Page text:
Journal or Book Title
Journal of Memory and Language
Five studies explored the processing of ambiguous sentences like Martin maintained that the CEO lied when the investigation started/at the start of the investigation. The central question was why particular prosodic boundaries have the effects they do. A written questionnaire provided baseline preferences and suggested that clausal adjuncts (when the investigation started) receive more high attachments than nonclausal adjuncts (at the start of the investigation). Four auditory studies manipulated the prosodic boundary before the adjunct clause and the prosodic boundary between the matrix clause and its complement. They disconfirm every version of an account where only the local boundary before the adjunct is important, whether the account is based on the acoustic magnitude of the boundary or its phonological type (an intermediate boundary characterized by the presence of a phrase accent vs. an intonational phrase boundary characterized by both a phrase accent and a boundary tone). Instead the results support use of the global prosodic context, especially the relative size of the local boundary and the distant boundary.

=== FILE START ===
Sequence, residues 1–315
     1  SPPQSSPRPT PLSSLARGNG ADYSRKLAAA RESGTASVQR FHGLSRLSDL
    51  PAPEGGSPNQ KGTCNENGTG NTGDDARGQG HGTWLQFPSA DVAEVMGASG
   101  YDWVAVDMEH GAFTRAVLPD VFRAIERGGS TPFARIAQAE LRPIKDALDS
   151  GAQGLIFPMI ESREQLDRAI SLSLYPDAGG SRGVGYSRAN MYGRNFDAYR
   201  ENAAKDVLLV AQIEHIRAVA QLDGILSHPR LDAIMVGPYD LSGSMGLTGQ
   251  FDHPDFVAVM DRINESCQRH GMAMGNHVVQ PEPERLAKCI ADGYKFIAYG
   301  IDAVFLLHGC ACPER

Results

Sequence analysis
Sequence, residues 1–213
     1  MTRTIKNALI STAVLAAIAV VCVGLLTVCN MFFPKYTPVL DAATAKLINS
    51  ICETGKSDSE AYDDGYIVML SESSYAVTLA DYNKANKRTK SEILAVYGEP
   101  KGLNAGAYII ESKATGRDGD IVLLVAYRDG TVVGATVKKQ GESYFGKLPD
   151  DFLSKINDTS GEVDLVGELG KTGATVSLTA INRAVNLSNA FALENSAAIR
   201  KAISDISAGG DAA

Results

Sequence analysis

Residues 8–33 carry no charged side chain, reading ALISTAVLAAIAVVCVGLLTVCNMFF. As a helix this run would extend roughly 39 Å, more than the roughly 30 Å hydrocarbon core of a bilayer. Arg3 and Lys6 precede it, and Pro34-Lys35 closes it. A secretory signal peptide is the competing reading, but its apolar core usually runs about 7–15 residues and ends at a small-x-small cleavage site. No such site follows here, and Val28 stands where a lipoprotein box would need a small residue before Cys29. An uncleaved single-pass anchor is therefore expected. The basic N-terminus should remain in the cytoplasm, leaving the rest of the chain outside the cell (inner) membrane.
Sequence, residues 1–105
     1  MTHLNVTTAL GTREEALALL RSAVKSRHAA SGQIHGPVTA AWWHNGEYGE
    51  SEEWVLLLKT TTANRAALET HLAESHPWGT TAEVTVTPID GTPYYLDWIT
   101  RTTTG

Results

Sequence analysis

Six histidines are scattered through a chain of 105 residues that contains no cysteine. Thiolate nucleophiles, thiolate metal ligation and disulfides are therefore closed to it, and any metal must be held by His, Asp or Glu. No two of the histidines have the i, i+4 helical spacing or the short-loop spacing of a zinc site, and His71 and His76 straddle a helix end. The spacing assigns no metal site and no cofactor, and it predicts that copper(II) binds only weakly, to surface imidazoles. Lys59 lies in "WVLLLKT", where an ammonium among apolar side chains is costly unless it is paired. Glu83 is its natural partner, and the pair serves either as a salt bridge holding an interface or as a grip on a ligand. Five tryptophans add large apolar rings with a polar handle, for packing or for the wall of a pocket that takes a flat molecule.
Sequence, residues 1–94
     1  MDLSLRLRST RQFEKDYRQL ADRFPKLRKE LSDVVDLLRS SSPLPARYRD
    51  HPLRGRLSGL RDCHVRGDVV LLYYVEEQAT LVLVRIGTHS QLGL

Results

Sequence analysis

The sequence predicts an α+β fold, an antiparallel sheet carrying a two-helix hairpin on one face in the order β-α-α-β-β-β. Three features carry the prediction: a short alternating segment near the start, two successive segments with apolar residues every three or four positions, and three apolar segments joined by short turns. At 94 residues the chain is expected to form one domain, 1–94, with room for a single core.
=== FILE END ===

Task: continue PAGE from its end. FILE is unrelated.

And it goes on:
Carlson, Katy; Clifton, Charles Jr.; and Frazier, Lyn, "Prosodic Boundaries in Adjunct Attachment" (2001). Journal of Memory and Language. 94.
Retrieved from http://scholarworks.umass.edu/linguist_faculty_pubs/94